In a ruling that amounted to the jurisprudential equivalent of a bitch slap, U.S. District Judge John E. Jones not only rejected proponents' (unfounded) assertions that ID is science, but sawed them off at the knees for abusing their position to promote their thinly disguised religious agenda. Jones' was a lengthy opinion, but the AP kindly published these choice nuggets:
"We find that the secular purposes claimed by the Board amount to a pretext for the Board's real purpose, which was to promote religion in the public school classroom, in violation of the Establishment Clause.""Ill-informed faction?" "Breathtaking inanity?"
"Repeatedly in this trial, Plaintiffs' scientific experts testified that the theory of evolution represents good science, is overwhelmingly accepted by the scientific community, and that it in no way conflicts with, nor does it deny, the existence of a divine creator."
"Those who disagree with our holding will likely mark it as the product of an activist judge. If so, they will have erred as this is manifestly not an activist Court. Rather, this case came to us as the result of the activism of an ill-informed faction on a school board, aided by a national public interest law firm eager to find a constitutional test case on ID, who in combination drove the Board to adopt an imprudent and ultimately unconstitutional policy. The breathtaking inanity of the Board's decision is evident when considered against the factual backdrop which has now been fully revealed through this trial. The students, parents, and teachers of the Dover Area School District deserved better than to be dragged into this legal maelstrom, with its resulting utter waste of monetary and personal resources."
"The citizens of the Dover area were poorly served by the members of the Board who voted for the ID Policy. It is ironic that several of these individuals, who so staunchly and proudly touted their religious convictions in public, would time and again lie to cover their tracks and disguise the real purpose behind the ID Policy."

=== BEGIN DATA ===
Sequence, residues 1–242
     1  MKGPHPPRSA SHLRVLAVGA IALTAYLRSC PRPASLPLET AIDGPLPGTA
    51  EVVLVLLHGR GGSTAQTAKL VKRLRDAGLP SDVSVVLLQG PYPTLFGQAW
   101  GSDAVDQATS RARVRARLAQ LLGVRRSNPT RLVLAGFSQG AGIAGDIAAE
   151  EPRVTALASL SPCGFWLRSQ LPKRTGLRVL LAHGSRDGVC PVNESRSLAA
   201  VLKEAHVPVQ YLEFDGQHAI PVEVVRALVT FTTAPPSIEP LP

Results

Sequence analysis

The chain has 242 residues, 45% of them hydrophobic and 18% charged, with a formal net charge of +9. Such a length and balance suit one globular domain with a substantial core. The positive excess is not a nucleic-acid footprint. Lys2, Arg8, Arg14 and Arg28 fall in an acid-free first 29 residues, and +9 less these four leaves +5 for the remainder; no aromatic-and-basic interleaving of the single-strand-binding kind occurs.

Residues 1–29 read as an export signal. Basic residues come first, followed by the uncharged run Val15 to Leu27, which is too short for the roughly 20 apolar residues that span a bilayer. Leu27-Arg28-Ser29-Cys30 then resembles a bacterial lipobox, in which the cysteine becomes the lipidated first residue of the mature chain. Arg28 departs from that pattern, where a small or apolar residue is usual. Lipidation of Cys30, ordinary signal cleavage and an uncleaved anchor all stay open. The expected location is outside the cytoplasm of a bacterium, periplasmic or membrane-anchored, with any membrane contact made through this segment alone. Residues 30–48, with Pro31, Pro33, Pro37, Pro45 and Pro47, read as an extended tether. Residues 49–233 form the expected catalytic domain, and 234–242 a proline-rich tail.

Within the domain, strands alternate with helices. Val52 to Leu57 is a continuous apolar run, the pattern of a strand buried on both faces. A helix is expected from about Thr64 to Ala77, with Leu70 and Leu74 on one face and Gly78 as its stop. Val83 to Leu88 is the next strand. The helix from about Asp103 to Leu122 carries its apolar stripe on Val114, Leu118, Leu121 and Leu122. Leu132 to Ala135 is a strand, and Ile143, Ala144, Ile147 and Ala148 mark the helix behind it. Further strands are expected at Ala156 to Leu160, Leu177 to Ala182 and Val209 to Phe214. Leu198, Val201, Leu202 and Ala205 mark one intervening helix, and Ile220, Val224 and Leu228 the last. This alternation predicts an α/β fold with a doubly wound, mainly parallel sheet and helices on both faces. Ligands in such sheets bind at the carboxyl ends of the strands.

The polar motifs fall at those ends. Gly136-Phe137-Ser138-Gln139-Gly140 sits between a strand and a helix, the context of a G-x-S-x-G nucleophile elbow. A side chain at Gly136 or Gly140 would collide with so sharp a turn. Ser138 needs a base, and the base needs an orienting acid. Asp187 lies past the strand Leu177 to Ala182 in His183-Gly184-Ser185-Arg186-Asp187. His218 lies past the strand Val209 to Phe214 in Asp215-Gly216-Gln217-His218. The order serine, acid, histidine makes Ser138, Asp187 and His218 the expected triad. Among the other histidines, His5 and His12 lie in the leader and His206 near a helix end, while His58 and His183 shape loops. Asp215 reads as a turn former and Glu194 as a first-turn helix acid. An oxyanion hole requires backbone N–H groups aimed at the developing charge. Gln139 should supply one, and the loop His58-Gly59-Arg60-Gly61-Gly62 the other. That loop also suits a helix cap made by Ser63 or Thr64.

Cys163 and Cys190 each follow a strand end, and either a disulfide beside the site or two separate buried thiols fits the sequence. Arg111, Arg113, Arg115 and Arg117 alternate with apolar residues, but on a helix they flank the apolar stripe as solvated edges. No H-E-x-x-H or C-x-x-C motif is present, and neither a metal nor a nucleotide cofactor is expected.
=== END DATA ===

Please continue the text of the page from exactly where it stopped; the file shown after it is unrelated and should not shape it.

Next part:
"The overwhelming evidence at trial established that ID is a religious view, a mere re-labeling of creationism, and not a scientific theory."
"After a searching review of the record and applicable case law, we find that while ID arguments may be true, a proposition on which the court takes no position, ID is not science. We find that ID fails on three different levels, any one of which is sufficient to preclude a determination that ID is science. They are: (1) ID violates the centuries-old ground rules of science by invoking and permitting supernatural causation; (2) the argument of irreducible complexity, central to ID, employs the same flawed and illogical contrived dualism that doomed creation science in the 1980's; and (3) ID's negative attacks on evolution have been refuted by the scientific community."
What's really breathtaking is finally seeing an (apparent) trend of honesty when dealing with the Evangeliban and its theocratic agenda.
I must've been an especially good boy this year.